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Customer Service Benchmarks: 3 Every School District Should Monitor

You can't improve what you don't measure. But if you really want to know how your district is performing on customer service, you need to compare measurements against past years' data and other school districts. Here’s a starter guide to tracking customer service metrics!
3 minutes

Imagine you surveyed parents and asked, “How safe do you feel sending your kids to school on one of our buses?” Of the parents who responded back, 65 percent agreed or strongly agreed their child’s transportation to and from school was safe. 

Would you celebrate those findings, or be concerned? Before you answer, it’s not a trick question. The answer is: It depends.

And while that might seem like a disappointing answer at first, we’re here to convince you that it’s not. If you’re a superintendent or school district leader, your evaluation of this data should consider, at minimum, two factors:  

  1. What parents in peer districts would say in answer to that same question (in other words: Do other school districts boast a higher perception of transportation safety?)
  2. How the answers compare to previous years (in other words: Is confidence in your district’s transportation department trending up or down?)

If you examined similar data from a neighboring school or district, with which you routinely compete for students, and 75 percent of parents there responded positively to the same question, you may have cause for concern. If, on the other hand, the same comparison revealed the neighbor district in question was at 55 percent, you could feel confident in your trajectory — knowing more work would push those numbers even higher.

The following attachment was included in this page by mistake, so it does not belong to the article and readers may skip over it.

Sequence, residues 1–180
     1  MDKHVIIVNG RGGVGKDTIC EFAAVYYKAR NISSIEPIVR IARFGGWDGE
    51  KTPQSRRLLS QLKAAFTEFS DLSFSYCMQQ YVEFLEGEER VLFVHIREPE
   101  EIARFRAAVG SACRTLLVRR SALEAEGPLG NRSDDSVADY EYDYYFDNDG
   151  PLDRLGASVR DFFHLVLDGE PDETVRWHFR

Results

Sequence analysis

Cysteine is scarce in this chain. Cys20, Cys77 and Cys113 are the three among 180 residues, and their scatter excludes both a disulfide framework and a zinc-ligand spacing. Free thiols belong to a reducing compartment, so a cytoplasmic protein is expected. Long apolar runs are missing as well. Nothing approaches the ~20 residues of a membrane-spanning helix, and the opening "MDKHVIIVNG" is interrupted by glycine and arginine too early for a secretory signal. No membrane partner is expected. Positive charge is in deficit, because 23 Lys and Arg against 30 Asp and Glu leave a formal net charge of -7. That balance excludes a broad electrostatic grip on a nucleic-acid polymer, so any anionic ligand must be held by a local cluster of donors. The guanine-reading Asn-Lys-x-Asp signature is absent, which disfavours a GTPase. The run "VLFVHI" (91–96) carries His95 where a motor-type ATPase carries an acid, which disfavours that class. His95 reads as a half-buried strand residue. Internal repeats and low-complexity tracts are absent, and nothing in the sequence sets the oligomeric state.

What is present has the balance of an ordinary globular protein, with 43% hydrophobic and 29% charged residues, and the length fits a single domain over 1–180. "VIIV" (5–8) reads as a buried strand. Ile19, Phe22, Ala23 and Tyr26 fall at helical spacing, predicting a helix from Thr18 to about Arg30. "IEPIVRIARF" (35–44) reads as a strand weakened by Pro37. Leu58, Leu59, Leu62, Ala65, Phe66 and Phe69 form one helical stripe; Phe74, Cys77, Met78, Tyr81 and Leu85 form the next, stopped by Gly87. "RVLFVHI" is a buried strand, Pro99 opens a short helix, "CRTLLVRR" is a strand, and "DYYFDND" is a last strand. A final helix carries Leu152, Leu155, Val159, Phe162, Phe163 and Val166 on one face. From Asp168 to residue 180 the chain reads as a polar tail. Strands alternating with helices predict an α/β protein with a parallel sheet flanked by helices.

K12 Insight has been helping school districts deliver superior customer service, improving culture and climate, for over a decade. Our expert-led Managed Research team has found the average sentiment around transportation shows two-thirds of parents believe buses in their district are safe. That doesn’t necessarily mean the other third feels buses are unsafe or that you’re on the verge of catastrophe. It simply means your risk for this is no higher or lower on average than other districts.

What is customer service benchmarking?

Drawing meaningful conclusions and determining whether to provide additional resources and oversight is far more difficult when you look at numbers without context. “Benchmarking” is a reliable system by which to compare yourself against one or more of your peers, and it can make all the difference.

Using customer service benchmarking to measure year-over-year improvements

In addition to peer data, you’ll also want to collect year-over-year data to “benchmark” against yourself. 

Consider the sample question about bus safety: If you’re at 65 percent parent satisfaction this year and last year showed 55 percent, that’s a gain worth celebrating. If, on the other hand, parent confidence declined by 10 percent, you might need to investigate the drop in confidence.

When it comes to measuring benchmarks like parent and community satisfaction, the story is not so much about where you are as it is where you’re going

Bringing intentionality to your data collection and analysis

Over the last decade, our team has helped more than 500 school districts implement a highly intentional approach to customer service. A big part of that is tracking metrics!